"Billy Brown" <email@example.com> writes:
> > Since we're talking about plausible future scenarios it might
> > be fun, being
> > in the midst of millennium fever, to come up with some. No dates or
> > predictions, just how you think the next few major technologies will
> > pan-out. How about it? (And fifty years from now, when we're all six
> > centimetres tall and living in habitat domes on the moon, we
> > can have a good
> > laugh at them.)
> OK, I'll bite. Here's my current best guess:
> Computer speeds undergo a very fast exponential growth over the next few
> decades, as the doubling time continues to decrease.
DOH! Such an obvious technology that I forgot about it myself. Note that we don't need super-AI to have information technology transform the world utterly. Just imagine the effect of global communications with huge bandwidths coupled with wearables / ubiquitious computing and net-based information, knowledge and skill services. If you then assume we actually make information and knowledge management useful, things will become rather extreme.
> That gives us two major branches:
> If non-sentient seed AIs are relatively easy to make, Eliezer's program (or
> one like it) becomes an SI between 2010 and 2030. In this case we'd better
> make sure it grows up sane, because its going to decide all of our fates.
Why "it"? Wouldn't it be "they" - I hardly expect the first SI to emerge in a single basement lab in Xiang or so, rather there will be AIs turning into SIs around the world at research institutions, corporate and government projects, distributed efforts on the net ("fear the cow and penguin"? :-) and in other places. The idea of a singular godlike SI among ants is unlikely unless the advancement curve becomes extremely steep beyond a certain point (which also implies that a second, third and so on SI aren't that hard to make...); more likely we will be seeing a normal distribution whose upper tail grows without a bound.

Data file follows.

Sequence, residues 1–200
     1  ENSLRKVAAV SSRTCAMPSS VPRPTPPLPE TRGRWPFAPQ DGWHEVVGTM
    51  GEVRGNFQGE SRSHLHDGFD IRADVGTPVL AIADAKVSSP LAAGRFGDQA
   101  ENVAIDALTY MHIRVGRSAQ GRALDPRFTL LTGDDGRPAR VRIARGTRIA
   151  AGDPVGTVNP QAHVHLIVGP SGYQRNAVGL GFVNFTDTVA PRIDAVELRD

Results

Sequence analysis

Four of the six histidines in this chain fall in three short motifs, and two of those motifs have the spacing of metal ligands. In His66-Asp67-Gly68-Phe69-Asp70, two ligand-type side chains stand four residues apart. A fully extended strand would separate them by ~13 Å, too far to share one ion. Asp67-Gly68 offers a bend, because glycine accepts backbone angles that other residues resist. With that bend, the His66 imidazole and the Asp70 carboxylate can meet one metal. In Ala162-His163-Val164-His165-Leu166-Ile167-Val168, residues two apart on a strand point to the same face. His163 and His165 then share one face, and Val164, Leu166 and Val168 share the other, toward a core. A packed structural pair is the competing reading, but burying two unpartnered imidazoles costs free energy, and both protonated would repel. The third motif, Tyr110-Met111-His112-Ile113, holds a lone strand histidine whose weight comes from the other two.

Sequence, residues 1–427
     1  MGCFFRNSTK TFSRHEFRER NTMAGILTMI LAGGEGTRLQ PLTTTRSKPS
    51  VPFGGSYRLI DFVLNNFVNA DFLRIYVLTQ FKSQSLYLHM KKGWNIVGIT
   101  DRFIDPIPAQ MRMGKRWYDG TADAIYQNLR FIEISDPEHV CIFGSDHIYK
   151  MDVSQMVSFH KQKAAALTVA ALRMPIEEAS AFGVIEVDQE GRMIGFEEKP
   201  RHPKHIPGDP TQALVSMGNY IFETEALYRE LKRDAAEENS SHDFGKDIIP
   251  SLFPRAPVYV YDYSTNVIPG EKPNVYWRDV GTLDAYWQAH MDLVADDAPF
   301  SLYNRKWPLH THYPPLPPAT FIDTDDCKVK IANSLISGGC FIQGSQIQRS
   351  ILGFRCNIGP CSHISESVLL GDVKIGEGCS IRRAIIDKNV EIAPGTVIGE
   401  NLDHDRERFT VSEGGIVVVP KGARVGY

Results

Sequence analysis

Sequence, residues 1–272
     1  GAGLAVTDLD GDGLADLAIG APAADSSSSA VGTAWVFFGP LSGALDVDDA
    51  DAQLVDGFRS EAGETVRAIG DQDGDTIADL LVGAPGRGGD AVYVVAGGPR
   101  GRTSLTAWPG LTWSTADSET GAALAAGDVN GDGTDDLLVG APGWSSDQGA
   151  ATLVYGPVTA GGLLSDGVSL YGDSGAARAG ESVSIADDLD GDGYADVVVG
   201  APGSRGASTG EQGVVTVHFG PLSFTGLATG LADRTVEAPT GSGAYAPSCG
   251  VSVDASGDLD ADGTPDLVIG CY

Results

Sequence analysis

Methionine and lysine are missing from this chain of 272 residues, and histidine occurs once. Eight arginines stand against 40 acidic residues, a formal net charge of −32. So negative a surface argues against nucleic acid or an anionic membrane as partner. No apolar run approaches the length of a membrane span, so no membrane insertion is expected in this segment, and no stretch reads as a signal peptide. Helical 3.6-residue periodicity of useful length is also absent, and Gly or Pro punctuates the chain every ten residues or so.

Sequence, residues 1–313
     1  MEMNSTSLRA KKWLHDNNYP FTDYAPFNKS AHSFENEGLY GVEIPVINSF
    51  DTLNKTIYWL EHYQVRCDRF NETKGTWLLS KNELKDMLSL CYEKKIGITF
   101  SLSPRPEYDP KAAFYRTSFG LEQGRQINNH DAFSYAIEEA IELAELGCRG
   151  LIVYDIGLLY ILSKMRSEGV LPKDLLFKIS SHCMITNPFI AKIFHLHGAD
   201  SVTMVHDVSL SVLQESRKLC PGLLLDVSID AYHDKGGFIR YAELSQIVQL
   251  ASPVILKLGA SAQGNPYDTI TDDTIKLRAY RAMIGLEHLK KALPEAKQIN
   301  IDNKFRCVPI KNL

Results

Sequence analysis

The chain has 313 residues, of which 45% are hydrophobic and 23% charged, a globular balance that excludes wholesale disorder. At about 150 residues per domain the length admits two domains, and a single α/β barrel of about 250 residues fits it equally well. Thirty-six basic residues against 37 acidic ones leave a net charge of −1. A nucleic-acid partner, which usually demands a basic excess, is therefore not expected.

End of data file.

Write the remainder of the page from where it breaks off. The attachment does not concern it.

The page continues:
> If not, we have a period of about a decade in which our entire technology
> base improves with the speed the computer industry displays today. Real
> intelligence enhancement should become possible towards the end of this time
> frame, using neural interface hardware and fancy software.
Wearables and information services will be starting this process within a decade, I'm fairly sure. Add agile manufacturing, and you can get nanotech-like surprises in production even before nanotech (imagine if the effects of microfactories spreading and cutting out the middleman between sales and raw materials, as well as transportation: micro outlet stores in every mall).
> After that, the rate of change becomes too fast for unenhanced humans to
> keep up with. Advanced nanotech and uploading arrive within a few years of
> each other, and megascale engineering projects (Jupiter brains, Dyson
> spheres) become practical a year or two later. By then there are lots of
> Powers around, and I have no idea what they will be doing.
They'll be writing books like "Singularity for dummies", "I'm >H, your're >H" and "The 10^7 habits of highly effective entities" :-)
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